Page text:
Critiquing Critical Art (Parallel Session 2)

Session 1 Alternative Modes of Production

Chair: Sid Gomez Hildawa, Head, Center for the Visual Arts, Cultural Center of the Philippines
Presenters: Patrick Flores, Chair, University of the Philippines, Department of Art Studies, Phil.
Niranjan Rajah, Professor, University of Malaysia in Sarawak
Jose Tence Ruiz, artist and curator, Philippines

The materialist appreciation of critical art does not only advocate politically correct or even cogent representations in art, but also insinuates a radical reimagination of the means of generating art itself. These means or modes rethink the very status of art and its multiple relationships with agencies implicated in its reception, from the artists themselves to the audience at large. Such radical requirement gestures toward an alternative system of making art that creatively engages the established scheme, challenges its limits, and reordains its premises beyond the traditional territories of the (nation)-state and the market: shifting communities, cross-border collaborations, translocal curatorships, transdisciplinary initiatives, virtual constituencies, and so on. 

Session 2 Interventions in Place

Chair: Corazon S. Alvina, Director, National Museum
Presenters: Joselina Cruz, independent curator/curatorial consultant, Lopez Memorial Museum, Philippines
Piyaluk Benjadol, Nuts Soceity, Thailand
Lee Weng Choy, Artistic Co-director, Sub-station, Singapore

Critical art creates new places of art making. It intervenes in the creation of this new terrain: para/sites, alternatives spaces, appropriated domains, flexible networks, and so on. The concept of intervention also intimates an encroachment, a poaching on everyday life that is increasingly aestheticized by media, transforming it into a lively forum of exchange, dialogue, and reciprocal critique. The very act of intervention in a place constitutes some form of critical practice that in turn stakes out a place of intervention in a reordered matrix of art making from which different subjectivities emerge to instantiate a more progressive aesthetic dynamic.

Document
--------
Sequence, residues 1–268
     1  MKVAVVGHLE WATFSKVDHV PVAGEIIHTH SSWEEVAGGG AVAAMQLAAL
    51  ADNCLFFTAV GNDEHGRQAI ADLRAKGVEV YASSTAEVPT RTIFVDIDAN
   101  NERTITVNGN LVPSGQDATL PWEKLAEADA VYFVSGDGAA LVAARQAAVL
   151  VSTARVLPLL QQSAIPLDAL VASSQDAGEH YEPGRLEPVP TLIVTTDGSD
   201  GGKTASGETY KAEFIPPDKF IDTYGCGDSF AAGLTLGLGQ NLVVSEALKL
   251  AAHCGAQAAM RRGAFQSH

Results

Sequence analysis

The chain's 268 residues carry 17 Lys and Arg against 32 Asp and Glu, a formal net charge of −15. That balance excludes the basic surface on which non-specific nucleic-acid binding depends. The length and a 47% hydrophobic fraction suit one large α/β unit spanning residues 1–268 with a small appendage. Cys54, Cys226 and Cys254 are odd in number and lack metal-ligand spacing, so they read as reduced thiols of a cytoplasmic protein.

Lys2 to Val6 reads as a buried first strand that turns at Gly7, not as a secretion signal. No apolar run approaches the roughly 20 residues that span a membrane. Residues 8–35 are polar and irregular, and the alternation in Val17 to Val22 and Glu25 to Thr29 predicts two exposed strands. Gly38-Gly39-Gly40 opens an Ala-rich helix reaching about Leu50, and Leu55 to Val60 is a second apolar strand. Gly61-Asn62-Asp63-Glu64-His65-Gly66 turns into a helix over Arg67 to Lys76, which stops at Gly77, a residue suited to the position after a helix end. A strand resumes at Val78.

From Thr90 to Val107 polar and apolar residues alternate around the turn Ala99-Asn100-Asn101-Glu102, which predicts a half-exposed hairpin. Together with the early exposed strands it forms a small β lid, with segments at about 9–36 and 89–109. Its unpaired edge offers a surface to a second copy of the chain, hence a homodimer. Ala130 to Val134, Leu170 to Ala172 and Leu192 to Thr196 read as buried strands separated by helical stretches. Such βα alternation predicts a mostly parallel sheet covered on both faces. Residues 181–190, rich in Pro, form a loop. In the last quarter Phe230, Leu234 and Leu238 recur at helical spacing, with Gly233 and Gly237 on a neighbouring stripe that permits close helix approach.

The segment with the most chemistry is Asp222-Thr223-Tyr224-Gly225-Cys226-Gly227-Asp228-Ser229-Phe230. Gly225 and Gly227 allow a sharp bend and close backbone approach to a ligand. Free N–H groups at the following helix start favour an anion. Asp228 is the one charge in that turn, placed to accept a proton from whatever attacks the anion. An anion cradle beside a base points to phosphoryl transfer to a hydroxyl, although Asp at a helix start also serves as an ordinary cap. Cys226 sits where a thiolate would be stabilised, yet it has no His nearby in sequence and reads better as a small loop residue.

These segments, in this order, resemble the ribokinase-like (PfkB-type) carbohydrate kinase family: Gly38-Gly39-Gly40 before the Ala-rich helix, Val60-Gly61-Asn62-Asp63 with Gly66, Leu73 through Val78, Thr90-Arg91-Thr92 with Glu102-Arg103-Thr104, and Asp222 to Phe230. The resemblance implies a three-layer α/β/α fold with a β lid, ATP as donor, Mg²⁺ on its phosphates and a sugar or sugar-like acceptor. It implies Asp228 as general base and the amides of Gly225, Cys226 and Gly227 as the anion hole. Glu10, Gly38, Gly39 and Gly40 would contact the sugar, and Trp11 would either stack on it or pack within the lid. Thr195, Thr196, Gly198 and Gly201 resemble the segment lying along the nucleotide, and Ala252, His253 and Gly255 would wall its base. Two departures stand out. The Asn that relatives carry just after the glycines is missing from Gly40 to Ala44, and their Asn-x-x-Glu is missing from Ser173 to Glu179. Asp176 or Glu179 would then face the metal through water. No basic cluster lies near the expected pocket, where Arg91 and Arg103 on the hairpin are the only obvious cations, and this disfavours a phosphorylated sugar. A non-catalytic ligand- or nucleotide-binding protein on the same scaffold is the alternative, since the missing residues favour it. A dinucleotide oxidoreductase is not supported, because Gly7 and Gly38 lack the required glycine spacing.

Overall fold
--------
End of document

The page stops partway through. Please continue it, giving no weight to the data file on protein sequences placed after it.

Session 3 Self and Solidarities

Chair: Dr. Florina H. Capistrano-Baker, Director, Ayala Museum
Nguyen Minh Thanh, artist, Hanoi, Vietnam
Judy Freya Sibayan,Scapular Gallery/Museum of Mental Objects, Philippines
Jay Koh, director of IFIMA-International Forum InterMedia Art, Singapore/Germany

The artistic agency is contemplated as an intersection of selves that moves according to the logic of address as contemplated in the multileveled sense of destination, discourse, and engagement. Its mobility is motored by an "inclination outwards." It is a selfhood or a personhood that is open to its others and not suspended in the essence of a "humanist," "liberal," and "multicultural" identity. The self is engaged with transformative conversations with forces that it shapes and shape it. The notion of "solidarity" aspires to a more radically democratic ecology of responsibilities, complicities, encounters, accountabilities, and extensities. It is an exposure to the risk of forging connections and a melancholic negotiation of the lack and incompletion of the human project. 

Plenary Session
Niranjan Rajah, Jose Tence Ruiz, Lani Maestro, Vincent Leow, Sharmini Pereira, Jay Koh